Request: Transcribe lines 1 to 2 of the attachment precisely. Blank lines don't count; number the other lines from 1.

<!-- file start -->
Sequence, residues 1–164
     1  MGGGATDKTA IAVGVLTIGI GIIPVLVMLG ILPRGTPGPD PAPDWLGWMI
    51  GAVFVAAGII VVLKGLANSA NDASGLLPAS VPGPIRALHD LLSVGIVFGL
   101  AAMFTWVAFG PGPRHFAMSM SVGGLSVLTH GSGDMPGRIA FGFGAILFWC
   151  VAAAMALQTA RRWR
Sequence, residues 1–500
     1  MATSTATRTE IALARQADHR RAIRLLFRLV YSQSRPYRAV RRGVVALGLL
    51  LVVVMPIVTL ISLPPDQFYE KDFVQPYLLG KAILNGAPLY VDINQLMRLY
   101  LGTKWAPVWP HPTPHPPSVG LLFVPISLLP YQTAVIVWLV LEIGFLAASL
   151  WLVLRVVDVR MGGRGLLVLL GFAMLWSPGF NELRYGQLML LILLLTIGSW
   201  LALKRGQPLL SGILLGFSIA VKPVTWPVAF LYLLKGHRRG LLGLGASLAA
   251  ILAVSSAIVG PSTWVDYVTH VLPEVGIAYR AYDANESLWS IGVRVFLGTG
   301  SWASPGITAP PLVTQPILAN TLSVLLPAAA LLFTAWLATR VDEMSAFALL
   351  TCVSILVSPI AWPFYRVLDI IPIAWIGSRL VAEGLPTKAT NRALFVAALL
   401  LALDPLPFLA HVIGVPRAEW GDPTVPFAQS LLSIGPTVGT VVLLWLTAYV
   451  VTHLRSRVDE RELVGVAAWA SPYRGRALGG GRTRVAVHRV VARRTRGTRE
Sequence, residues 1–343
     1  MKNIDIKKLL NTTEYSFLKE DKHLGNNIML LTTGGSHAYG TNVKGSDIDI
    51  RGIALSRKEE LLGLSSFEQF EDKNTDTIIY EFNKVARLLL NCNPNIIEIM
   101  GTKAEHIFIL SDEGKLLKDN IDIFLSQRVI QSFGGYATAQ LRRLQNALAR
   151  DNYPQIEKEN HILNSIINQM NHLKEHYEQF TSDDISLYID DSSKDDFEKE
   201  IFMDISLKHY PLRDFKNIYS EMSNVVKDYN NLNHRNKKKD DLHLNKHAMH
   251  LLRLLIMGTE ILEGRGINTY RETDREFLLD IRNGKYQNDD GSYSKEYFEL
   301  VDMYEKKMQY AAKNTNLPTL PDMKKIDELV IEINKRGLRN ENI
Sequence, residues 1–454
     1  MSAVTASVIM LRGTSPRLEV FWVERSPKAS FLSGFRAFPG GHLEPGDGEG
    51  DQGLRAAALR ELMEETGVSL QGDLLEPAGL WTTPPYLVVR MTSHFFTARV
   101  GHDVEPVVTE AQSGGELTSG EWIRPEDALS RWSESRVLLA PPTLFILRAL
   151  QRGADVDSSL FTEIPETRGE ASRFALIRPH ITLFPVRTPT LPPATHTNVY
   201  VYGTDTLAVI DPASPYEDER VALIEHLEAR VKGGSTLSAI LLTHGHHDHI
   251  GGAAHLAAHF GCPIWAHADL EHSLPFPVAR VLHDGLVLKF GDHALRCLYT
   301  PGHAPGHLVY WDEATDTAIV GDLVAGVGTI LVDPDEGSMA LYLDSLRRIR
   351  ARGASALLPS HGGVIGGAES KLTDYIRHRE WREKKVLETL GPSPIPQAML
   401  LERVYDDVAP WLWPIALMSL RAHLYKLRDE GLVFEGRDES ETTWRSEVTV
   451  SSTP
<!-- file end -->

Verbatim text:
Sequence, residues 1–164
     1  MGGGATDKTA IAVGVLTIGI GIIPVLVMLG ILPRGTPGPD PAPDWLGWMI